Applied Kinesiology

Applied Kinesiology aka Functional Neurology:

Applied Kinesiology (AK) is a system that evaluates structural, chemical and mental aspects of health using manual muscle testing combined with other standard methods of diagnosis. AK, a non-invasive system of evaluating body function that is unique in the healing arts, has become a dynamic movement in health care in its relatively short existence.

The combined terms “applied” and “kinesiology” describe the basis of this system, which is the use of manual muscle testing to evaluate body function through the dynamics of the musculoskeletal system. Treatments may involve specific joint manipulation or mobilization, various myofascial therapies, cranial techniques, meridian and acupuncture skills, clinical nutrition, dietary management, counseling skills, evaluating environmental irritants and various reflex procedures.

Triad Of Health

The triad of health lists the three basic causes of health problems.  They are structural, chemical, and mental, with structure as the base of the triad. Literally, all health problems, whether functional or pathological, are involved with one part or all parts of the triad. This is not new to chiropractic, as its founder, D.D. Palmer states in his text, “The Science, Art, and Philosophy of Chiropractic,” “The determining causes of disease are traumatism, poison and autosuggestion.” AK enables the doctor to evaluate the triad’s functional balance and direct therapy toward the imbalanced side or sides.

The physician who is aware of the triad of health, and evaluates every patient for all three sides, increases his ability to find the basic underlying cause of a patient´s health problem. AK skills are developed and approved by the International College of Applied Kinesiology Board of Standards.

These skills are refined from many disciplines including Chiropractic, Osteopathy, Medicine, Dentistry, Acupuncture, Biochemistry, Psychology, Homeopathy, and Naturopathy etc.  Members of these professions share knowledge through the publications and conferences of the International College of Applied Kinesiology (ICAK) and its chapters.

History of Applied Kinesiology:

Applied kinesiology finds its roots in observations made in 1964 by Dr. George J. Goodheart, Jr, a chiropractic physician, then practicing in Detroit, Michigan. Goodheart’s observations regarding muscle balance, muscle strength and muscle weakness refuted the then held theory that muscle spasm was the primary cause of back pain.  According to Goodheart, the primary cause of back pain is muscle weakness.  Muscle weakness (as observed by manual testing) was soon to be understood as an inhibition of motor neurons located in the spinal cord’s anterior horn motor neuron pool.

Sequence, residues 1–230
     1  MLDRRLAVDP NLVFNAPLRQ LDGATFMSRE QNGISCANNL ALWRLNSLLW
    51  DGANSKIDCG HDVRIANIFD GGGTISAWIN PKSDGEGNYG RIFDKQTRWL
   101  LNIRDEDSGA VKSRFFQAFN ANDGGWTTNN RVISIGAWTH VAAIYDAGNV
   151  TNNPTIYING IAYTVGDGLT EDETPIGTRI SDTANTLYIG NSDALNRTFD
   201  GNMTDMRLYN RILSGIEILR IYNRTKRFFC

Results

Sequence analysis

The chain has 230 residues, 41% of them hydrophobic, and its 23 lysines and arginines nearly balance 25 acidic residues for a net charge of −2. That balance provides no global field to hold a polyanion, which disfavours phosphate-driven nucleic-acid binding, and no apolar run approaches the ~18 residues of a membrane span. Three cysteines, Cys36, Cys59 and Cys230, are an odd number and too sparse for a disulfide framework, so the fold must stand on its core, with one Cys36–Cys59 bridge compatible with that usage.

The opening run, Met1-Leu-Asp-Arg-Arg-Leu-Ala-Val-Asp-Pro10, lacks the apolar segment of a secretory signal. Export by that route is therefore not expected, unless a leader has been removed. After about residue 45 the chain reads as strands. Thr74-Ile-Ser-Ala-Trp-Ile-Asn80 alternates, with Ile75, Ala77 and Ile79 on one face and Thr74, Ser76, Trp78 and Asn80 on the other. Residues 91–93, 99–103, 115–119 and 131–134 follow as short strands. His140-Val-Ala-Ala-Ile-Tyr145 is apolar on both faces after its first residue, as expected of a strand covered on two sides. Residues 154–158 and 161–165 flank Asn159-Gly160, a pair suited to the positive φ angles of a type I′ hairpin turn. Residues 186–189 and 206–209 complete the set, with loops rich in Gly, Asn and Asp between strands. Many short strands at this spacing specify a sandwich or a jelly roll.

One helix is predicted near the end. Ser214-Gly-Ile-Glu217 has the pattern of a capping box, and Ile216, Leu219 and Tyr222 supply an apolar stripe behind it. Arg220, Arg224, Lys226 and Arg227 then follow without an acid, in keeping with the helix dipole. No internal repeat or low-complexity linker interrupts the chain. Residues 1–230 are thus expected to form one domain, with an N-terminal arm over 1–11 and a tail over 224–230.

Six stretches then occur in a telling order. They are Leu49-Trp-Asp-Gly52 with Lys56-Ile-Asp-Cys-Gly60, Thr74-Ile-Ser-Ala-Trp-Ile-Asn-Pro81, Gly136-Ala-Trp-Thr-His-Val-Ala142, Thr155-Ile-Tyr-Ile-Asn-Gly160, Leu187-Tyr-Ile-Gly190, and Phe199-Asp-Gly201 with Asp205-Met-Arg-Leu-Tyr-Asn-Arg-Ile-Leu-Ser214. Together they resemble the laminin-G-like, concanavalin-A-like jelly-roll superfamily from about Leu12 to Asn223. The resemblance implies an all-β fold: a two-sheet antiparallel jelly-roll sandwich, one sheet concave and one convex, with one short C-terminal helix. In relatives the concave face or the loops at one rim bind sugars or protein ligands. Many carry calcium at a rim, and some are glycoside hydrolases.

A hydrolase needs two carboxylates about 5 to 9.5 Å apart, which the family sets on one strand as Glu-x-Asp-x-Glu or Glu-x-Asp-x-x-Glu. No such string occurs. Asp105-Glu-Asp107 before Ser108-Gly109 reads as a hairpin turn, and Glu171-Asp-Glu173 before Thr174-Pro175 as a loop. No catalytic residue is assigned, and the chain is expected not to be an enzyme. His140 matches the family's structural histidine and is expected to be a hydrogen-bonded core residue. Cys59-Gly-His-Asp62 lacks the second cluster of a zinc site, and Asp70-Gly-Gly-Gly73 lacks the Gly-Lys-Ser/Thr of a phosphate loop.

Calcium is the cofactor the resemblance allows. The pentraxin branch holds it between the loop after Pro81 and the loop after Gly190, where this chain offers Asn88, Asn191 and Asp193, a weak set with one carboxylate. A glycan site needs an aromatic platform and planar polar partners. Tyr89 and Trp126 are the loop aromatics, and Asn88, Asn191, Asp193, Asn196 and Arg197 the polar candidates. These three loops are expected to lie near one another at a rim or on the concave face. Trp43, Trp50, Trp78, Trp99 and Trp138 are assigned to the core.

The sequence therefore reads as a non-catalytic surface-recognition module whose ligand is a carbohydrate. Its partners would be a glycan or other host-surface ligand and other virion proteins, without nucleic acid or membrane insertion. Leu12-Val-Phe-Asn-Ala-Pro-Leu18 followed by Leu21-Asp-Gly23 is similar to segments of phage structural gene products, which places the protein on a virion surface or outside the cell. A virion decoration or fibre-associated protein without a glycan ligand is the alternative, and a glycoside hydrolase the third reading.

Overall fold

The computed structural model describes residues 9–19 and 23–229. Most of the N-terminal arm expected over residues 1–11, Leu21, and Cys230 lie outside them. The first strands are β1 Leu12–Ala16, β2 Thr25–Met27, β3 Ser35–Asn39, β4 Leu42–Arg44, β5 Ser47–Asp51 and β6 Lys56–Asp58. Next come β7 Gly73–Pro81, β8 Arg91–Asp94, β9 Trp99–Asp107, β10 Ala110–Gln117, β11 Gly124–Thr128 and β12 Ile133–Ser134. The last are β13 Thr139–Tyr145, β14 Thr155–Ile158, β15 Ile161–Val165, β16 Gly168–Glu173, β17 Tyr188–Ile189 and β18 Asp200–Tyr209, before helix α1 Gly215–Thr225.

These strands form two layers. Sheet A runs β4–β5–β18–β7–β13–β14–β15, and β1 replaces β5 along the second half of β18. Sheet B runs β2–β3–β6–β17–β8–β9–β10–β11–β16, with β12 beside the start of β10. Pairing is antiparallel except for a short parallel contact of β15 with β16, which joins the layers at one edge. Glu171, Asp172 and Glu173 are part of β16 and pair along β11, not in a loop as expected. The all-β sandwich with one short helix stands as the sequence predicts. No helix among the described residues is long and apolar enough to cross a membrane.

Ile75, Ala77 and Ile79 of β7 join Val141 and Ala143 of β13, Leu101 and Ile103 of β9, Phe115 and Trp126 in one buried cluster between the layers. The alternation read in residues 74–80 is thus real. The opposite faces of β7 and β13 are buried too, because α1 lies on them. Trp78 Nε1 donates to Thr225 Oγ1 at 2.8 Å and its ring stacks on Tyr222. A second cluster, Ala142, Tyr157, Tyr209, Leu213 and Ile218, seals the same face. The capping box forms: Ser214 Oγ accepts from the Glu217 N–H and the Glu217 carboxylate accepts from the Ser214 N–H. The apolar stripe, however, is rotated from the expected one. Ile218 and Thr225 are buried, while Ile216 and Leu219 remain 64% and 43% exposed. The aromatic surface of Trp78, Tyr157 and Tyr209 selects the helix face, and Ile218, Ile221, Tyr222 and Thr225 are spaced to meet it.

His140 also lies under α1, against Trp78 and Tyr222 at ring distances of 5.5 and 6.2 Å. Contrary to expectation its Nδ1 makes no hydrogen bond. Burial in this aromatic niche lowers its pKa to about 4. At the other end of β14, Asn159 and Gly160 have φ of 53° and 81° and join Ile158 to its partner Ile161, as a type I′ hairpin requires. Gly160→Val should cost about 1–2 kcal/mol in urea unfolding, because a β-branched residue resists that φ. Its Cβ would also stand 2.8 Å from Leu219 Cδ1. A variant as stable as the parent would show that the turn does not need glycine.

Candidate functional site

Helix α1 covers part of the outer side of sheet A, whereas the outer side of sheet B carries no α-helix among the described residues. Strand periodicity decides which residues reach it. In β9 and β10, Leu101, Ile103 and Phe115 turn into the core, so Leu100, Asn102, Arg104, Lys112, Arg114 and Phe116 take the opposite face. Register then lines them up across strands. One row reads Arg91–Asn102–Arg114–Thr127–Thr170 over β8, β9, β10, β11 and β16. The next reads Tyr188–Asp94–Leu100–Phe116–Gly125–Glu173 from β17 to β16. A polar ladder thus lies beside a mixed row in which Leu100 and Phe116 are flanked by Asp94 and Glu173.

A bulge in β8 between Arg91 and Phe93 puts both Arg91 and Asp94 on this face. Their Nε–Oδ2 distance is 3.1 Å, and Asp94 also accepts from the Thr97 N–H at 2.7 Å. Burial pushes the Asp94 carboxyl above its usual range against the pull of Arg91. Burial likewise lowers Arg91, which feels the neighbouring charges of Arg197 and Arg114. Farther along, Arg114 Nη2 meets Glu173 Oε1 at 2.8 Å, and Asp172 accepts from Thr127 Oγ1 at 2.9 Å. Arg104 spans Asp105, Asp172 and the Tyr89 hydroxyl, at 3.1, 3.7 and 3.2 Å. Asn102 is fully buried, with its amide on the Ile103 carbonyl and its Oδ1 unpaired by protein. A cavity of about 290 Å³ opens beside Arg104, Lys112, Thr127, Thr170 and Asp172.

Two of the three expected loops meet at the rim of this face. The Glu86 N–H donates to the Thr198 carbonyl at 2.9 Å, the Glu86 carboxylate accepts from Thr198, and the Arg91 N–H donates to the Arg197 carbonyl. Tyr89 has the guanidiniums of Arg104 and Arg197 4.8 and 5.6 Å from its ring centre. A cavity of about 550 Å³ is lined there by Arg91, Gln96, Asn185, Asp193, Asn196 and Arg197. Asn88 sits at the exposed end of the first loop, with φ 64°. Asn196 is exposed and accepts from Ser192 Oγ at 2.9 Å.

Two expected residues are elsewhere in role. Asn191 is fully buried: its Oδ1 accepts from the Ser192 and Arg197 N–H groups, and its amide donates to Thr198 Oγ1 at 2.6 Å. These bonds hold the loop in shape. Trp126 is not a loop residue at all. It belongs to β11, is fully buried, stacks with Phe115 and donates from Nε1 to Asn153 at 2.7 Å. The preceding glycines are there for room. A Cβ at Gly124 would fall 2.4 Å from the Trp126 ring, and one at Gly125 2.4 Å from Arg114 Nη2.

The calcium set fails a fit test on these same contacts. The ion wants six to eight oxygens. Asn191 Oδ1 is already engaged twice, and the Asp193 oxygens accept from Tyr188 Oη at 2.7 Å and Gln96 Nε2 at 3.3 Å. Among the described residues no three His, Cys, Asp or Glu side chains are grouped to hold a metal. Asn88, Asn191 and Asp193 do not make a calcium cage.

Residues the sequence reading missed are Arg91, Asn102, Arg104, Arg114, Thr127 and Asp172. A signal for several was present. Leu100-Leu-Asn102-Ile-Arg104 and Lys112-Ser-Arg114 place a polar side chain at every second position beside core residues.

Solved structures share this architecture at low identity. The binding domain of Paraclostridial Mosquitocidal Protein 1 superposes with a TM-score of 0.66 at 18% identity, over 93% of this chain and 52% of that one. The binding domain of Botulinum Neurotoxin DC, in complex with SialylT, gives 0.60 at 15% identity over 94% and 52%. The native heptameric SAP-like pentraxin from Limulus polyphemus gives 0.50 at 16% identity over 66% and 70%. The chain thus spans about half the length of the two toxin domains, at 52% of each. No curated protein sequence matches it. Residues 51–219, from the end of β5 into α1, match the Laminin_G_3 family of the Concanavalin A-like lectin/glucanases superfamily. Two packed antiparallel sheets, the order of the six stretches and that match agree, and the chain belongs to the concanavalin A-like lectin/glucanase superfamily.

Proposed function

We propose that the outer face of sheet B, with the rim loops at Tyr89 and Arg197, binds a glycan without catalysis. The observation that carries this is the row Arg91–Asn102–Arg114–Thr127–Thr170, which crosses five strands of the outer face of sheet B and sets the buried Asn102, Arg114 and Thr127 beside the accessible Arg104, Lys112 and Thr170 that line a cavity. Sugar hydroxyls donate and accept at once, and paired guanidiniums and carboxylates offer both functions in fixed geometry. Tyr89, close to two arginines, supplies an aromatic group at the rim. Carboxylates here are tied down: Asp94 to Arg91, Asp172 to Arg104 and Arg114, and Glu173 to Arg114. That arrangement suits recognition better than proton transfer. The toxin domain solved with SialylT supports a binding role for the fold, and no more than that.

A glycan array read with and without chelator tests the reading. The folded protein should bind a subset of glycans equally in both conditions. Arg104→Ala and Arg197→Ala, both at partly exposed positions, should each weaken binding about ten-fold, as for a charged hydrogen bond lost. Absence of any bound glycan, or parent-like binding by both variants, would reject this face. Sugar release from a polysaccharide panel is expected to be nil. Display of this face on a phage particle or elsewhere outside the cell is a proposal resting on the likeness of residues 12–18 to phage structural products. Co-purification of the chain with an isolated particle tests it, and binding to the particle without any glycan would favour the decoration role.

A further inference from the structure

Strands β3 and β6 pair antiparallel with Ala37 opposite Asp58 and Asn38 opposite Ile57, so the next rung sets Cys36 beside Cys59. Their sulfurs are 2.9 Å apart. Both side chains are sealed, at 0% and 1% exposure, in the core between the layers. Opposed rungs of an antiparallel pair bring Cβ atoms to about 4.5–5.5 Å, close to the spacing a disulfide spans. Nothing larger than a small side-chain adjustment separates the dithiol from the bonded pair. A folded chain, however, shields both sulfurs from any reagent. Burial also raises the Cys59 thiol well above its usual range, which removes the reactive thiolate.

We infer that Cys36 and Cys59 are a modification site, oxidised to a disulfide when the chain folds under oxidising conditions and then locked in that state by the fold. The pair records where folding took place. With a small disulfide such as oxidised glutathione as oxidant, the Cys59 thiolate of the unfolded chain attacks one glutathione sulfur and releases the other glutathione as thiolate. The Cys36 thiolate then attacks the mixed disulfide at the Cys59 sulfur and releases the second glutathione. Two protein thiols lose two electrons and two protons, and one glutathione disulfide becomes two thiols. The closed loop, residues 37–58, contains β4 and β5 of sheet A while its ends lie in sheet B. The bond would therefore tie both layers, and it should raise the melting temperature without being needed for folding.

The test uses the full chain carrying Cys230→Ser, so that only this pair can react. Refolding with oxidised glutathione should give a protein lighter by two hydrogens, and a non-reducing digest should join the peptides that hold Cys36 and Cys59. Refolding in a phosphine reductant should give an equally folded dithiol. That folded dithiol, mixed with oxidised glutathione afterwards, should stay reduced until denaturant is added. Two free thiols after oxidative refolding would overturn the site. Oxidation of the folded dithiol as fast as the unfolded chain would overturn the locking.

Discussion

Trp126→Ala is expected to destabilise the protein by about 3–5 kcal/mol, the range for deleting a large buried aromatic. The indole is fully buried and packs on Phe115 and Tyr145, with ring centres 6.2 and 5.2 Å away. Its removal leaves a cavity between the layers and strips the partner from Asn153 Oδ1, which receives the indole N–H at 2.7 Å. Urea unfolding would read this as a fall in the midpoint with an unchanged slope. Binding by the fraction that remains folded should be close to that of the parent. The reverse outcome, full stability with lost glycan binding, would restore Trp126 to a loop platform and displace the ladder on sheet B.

Weakness (inhibition) of any muscle, Goodheart observes, causes the contra-lateral, antagonistic or opposing muscles to contract, thereby causing pain.  When a muscle contracts without the normal antagonistic response, it isn’t the tight or contracted muscle that needs help, it is the weak (inhibited) muscle that needs to be strengthened (facilitated), thereby restoring muscle balance and relieving secondary muscle spasm.  A real case of primary muscle spasm is, in reality, seldom seen.  It is, rather, a secondary condition.

When using applied kinesiology the right way, it allows the doctor to diagnose, through the use of the manual muscle testing response, the need for the application of a variety of sensory receptor based therapies that, when appropriately applied, result in improved neurological function.  This “new system of diagnosis” confirms that when the need is diagnosed and appropriate therapy is supplied, the results are often remarkable.

Applied Kinesiology (Muscle Testing) can detect dysbiosis, food sensitivities, toxic metals, chemical and electromagnetic field sensitivity as well as neurological desensitization techniques.  All Muscles of the body can also be tested to determine the functionality and firing of that particular muscle. Muscle testing provides a window into the whole of the autonomic reflex system. For this reason it is sometimes called Autonomic Reflex Testing. The Applied Kinesiologist can activate various reflexes in the body and see what will “turn on” a weak muscle or “turn off” a strong muscle. Applied Kinesiology has been compared to accessing a computer, the “human biocomputer.” In this way I “ask the body,” specific questions. Like using a computer, there is both a science and an art.

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